- Ahimsa teaches that we should act without violence towards people, animals, ourselves and our surroundings. We should be non-violent in all that we think, say or do.
- Satya means “truth” and teaches that we should live our lives with honesty and integrity – again, in all we think, say and do.
- Asteya means “non-stealing” and teaches us to take only what is given. This Yama encourages self-sufficiency.
- Brahmacharya teaches that we should use our energy wisely, in particular our sexual energy. In this way we have adequate energy left for ourselves.
- The final Yama – Aparigraha – means “non-possessiveness” and relates to us not only letting go of possessions, but of thoughts as well.
The second limb relates to our attitudes to ourselves and translates as “moral observance.” There are 5 Niyamas :
- Shaucha or Saucha means “purity” and relates to living in a pure environment. It teaches that we should consider what we eat and drink, the people we choose to surround ourselves with, what job we do, how we spend our time outside of work, our social habits and so on.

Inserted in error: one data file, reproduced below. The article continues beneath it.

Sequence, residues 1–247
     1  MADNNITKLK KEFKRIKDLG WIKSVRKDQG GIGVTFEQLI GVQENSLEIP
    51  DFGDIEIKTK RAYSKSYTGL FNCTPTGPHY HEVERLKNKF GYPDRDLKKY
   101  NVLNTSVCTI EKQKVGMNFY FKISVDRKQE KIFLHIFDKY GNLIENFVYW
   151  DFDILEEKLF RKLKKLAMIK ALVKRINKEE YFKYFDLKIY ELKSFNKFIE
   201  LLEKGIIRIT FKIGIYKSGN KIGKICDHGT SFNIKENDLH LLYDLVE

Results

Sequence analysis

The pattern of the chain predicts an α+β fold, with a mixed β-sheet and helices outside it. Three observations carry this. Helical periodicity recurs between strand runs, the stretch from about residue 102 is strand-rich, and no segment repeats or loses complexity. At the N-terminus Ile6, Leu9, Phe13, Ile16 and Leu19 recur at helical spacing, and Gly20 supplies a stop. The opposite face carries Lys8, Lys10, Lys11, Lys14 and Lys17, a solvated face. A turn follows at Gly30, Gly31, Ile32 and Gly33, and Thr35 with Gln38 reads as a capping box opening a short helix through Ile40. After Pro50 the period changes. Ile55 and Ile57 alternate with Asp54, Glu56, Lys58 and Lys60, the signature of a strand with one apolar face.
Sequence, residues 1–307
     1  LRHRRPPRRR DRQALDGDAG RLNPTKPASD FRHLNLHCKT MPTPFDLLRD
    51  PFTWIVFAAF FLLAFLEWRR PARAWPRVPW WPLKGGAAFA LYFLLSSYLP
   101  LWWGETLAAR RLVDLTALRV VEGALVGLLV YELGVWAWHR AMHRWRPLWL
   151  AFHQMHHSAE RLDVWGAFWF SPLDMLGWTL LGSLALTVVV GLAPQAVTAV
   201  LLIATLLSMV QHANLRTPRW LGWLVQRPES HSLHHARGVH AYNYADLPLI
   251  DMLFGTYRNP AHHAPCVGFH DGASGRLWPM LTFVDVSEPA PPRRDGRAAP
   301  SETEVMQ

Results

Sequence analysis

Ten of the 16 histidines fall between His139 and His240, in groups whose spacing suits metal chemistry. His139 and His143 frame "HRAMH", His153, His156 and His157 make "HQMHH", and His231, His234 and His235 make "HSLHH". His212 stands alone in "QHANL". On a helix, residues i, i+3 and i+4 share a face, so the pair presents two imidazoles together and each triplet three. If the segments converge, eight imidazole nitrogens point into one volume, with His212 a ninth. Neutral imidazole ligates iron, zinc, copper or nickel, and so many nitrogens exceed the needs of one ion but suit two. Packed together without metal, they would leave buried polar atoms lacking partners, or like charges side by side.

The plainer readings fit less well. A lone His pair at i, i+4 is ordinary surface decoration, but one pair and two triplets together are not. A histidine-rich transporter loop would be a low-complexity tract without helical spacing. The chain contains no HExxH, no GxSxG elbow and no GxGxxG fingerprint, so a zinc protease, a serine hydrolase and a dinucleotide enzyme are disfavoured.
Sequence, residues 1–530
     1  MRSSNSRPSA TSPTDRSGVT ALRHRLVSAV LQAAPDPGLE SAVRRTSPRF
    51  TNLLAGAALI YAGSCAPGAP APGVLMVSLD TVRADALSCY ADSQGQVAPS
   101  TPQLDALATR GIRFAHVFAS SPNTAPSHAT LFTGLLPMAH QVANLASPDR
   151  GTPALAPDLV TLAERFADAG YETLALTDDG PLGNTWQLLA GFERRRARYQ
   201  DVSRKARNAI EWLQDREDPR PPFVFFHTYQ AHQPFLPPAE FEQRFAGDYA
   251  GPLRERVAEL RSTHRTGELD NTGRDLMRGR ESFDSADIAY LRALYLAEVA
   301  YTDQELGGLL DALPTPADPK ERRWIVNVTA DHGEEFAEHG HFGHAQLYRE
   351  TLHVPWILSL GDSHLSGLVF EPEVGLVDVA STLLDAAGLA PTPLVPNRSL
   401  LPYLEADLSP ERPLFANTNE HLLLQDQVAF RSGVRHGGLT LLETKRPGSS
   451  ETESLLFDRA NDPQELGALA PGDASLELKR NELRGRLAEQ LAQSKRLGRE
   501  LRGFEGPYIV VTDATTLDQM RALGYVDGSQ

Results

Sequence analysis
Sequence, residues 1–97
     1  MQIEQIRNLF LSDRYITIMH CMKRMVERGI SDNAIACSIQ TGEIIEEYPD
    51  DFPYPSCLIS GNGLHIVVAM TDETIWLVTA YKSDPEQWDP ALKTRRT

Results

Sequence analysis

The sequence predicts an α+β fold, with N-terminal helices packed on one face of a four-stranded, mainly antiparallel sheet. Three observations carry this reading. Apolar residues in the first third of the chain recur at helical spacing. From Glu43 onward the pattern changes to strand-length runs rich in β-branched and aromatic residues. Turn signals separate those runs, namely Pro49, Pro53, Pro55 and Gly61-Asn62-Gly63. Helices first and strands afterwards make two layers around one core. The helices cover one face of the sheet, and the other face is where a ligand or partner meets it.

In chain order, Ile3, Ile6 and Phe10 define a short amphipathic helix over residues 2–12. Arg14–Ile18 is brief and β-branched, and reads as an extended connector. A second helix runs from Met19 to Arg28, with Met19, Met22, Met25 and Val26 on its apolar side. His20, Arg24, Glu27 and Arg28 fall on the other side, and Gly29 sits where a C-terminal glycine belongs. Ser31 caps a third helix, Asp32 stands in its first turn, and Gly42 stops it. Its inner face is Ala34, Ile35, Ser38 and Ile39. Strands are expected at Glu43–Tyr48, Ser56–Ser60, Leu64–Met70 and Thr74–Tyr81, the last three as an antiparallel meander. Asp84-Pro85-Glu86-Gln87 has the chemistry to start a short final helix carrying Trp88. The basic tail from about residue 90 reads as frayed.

- Santosha means “contentment” and teaches that we should be happy with what we have, to realise that possessions don’t bring us true joy. Without contentment we will live in suffering, always wanting more material things which will only bring us the short-term illusion of happiness.
- Tapas means “ascetism” and relates to self-discipline where we carry out deeds we do not wish to perform, but we do them anyway for the good of our journey. This Niyama encourages us to develop personal strength.
- Svadhyaya means “self-study” whereby we learn about ourselves not only by reflection and self-assessment, but also by the teachings of others. Traditionally this would involve the study of the ancient scriptures or Vedas.
- Ishvara Pranidhana can be roughly translated to mean “supreme surrender.” The aim is to become one with God / all that is / the light by surrendering ourselves completely with trust and love to a higher consciousness. To achieve this we must learn to free ourselves of our egos and to live selflessly.